By Jared Olar
Previously in this column, we reviewed the period from the early 1600s to 1763, when the Illinois Country was a part of France’s colonial empire in North America. However, with the conclusion of the French and Indian War in 1763, Britain acquired about half of France’s territories on the North American mainland, while France’s vast territory of Louisiana was given to Spain.
At that time France handed over all of its forts and outposts in Illinois to British control. There then ensued a brief period of 15 years when the Illinois Country was governed as a part of the British province of Quebec.
During the period of French rule, the Illinois County at first had been administered by a series of five military commandants stationed at Fort St. Louis du Roche (Starved Rock) who answered to the Governor General of New France in Canada. In 1718, the French king transferred the Illinois Country to Louisiana, and Illinois was then renamed Upper Louisiana. From that time until the end of French control, the territory was administered by a series of 10 military commandants stationed at Fort de Chartres on the Mississippi, located near Prairie du Rocher in Randolph County (in the general area of the French colonial villages of Cahokia and Kaskaskia). The commandant at Fort de Chartres reported to the French governor in New Orleans. Following Britain’s victory in the French and Indian War, Fort de Chartres was handed over to the British.
British rule brought major changes to the Illinois Country. To begin with, the British king George III issued a royal proclamation on Oct. 7, 1763, that forbade any colonial settlement to territory west of the Appalachian Mountains. The territory from the Appalachians to the Mississippi was erected as the Indian Reserve, and European settlers already living in the Indian Reserve were required to obtain special licenses if they wished to remain there. In addition, grants of land west of the Appalachians that previously were given to English colonists as rewards for their service in the French and Indian War were invalidated, causing the first of several grievances that led to the revolt of the 13 colonies in 1775-76.
Britain began its occupation of the Illinois Country in 1764, taking possession of Fort de Chartres on Oct. 10, 1765, and renaming it Fort Cavendish. The Catholic French settlers were ordered to leave the area, now a part of the Indian Reserve. However, most of the Catholic French settlers in Kaskaskia, Cahokia, and Prairie du Rocher – unwilling to buy licenses for permission to remain in Illinois, and probably preferring Catholic Spanish rule to being under a regime that discriminated against Catholics – elected to cross the Mississippi and found new settlements such as St. Louis and Ste. Genevieve in the Spanish territory of Louisiana. The British subsequently rescinded the expulsion order, offering the French colonists the same rights they had under French rule, but most remained in their new homes west of the Mississippi.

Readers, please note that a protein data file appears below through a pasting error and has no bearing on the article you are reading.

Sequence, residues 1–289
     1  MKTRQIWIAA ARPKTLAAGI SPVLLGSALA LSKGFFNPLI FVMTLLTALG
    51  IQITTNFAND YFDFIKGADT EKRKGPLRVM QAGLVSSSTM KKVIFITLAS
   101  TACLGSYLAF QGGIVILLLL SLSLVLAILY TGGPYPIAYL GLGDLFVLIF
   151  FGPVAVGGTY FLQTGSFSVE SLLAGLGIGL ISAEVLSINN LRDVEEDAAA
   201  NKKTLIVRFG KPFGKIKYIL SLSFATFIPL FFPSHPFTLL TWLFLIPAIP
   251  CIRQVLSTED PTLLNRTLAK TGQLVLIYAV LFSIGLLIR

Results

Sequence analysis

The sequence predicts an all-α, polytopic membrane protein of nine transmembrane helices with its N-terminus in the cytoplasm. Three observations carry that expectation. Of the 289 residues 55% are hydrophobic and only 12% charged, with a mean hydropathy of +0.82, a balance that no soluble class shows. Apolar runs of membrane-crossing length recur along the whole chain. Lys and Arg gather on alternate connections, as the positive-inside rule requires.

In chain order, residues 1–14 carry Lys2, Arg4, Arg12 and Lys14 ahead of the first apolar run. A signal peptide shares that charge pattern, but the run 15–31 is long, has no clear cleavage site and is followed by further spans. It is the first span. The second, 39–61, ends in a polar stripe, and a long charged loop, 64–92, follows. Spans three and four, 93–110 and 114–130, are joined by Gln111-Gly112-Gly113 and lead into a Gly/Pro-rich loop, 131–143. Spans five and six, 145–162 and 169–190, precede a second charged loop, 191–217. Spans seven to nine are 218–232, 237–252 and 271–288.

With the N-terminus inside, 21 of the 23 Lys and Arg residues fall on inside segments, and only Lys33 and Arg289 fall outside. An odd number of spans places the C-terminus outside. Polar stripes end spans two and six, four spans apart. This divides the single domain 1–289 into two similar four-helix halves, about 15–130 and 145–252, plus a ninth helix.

British rule over the Illinois Country during these years was informal and disorganized. The territory was administered as a part of the British province of Quebec in Canada, but there was little in the way of formal governmental structure, apart from a common law Court of Justice set up in Sept. 1768. The British king approved the Quebec Act of 1774 which would have formally set up a government in the Illinois Country, but the act was never implemented prior to the Revolutionary War. Around that time, flooding of the Mississippi River in 1772 convinced the British to abandon Fort de Chartres and build a new outpost at Kaskaskia, called Fort Gage. (Most of Fort de Chartres subsequently fell into ruin, but the gunpowder magazine survived – the oldest remaining European structure in Illinois. Fort de Chartres was reconstructed as a historical site in the 1920s and 1930s.)
While the erecting of the Indian Reserve signaled that the British Crown wished to be fair to the native nations of North America, a few months before that several tribes in the Great Lakes area, the Ohio Country, and the Illinois Country used the hiatus of effective European control west of the Appalachians that ensued in the immediate aftermath of the French and Indian War as an opportunity to attempt to expel all of the European interlopers.
Thus, in May 1763 a conflict began usually known as Pontiac’s War, called after an Ottawa chief named Pontiac (Obwandiyag) who, along with Seneca leader Guyasuta, was one of the prominent Native American chiefs in this war, which was provoked by the racist contempt that Gen. Jeffrey Amherst, British commander-in-chief in North America, and his soldiers and many English colonists had for the Indians. The American Indians seized eight British forts in present day Michigan, New York, Ohio, and Indiana, and Pontiac, with the aid of warriors of the Pottawatomi, Ojibway, and Huron, besieged Fort Detroit in Michigan. The British soon got the upper hand and the Native American forces dispersed, with most hostilities ending in 1764. By this time, the European disease smallpox was decimating the native peoples of eastern North America.
In 1764 the British had not yet taken possession of the Illinois Country, where the anti-British Shawnee chief Charlot Kaské wielded great influence and sought to enlist the aid of French colonists in further war. The British made diplomatic overtures to Chief Pontiac, however, who went to New York and signed a treaty of cessation of hostilities in 1766. Kaské, meanwhile, though unable to wage a war, nevertheless refused to submit to the British, and instead moved west across the Mississippi with his people and his French compatriots.
Pontiac himself settled with his people in the Illinois Country, where, as we noted previously, he was killed by a Peoria chief in Cahokia on April 20, 1769.